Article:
On January 23, 1960 Jacques Piccard, a Swiss oceanographer and Lt. Don Walsh reached the bottom of Mariana's Trench, the deepest hole in the Earth's crust. The dive took them 35,757 feet beneath the waves (they were so deep, in fact, that the measuring equipment at the time was not good enough to calculate their depth correctly; it wasn't until years later when scientists were able to calculate the correct depth listed above). They made their perilous journey inside the bathyscape Trieste. On the outside of the Trieste, strapped to the hull was a Rolex Sea Dweller, perhaps one of the most famous piece of gear of all time. Once Piccard emerged safe from the dive he sent a telegraph to Rolex telling them that the watch survived the dive and, in fact, was still keeping perfect time. It was a pinnacle achievement in horology, a testament to an art and science that went back centuries.
The Sea Dweller used was modified from the stock Sea Dweller by Rolex specifically for the dive, but nonetheless that feat is incredibly impressive. Rolex made its name by taking part in stuns like this. Tenzing Norgay, the Sherpa that climbed Mount Everest with Sir Edmund Hilary, also had a Rolex on his wrist when he summited Chomolungma (the Tibetan name for Mount Everest). The fact that he had the Rolex with him is strikingly ironic. Here is this man--an explorer in the truest sense of the word--a man bred and born in the mountains and with so little need for technology that he had never used or even seen a camera at the time of his accomplishment (this is why there is no picture of Hilary at the top, only one of Norgay). Yet he had a Rolex on his wrist--a Rolex Explorer to be exact.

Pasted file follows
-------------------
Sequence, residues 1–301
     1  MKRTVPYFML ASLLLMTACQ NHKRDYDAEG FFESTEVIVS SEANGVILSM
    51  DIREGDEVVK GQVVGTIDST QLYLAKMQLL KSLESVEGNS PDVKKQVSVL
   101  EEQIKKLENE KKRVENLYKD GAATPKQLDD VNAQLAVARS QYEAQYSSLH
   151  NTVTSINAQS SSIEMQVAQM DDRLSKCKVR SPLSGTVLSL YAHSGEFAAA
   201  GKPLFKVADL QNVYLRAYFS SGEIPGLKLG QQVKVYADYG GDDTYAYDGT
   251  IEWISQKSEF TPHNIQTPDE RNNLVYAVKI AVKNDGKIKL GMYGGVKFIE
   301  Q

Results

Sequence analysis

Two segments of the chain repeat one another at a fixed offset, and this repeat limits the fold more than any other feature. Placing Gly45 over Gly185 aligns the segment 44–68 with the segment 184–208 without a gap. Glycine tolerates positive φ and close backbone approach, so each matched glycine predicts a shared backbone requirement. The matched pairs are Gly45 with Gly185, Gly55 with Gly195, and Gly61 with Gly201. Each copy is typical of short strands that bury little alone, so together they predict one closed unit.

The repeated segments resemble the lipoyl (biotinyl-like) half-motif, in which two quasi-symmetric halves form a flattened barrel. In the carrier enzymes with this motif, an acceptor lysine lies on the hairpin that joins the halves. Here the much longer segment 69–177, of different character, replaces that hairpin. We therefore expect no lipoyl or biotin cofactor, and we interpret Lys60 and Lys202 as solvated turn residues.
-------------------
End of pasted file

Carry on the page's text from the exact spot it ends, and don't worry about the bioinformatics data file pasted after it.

Bad ass dudes and some bad ass gear.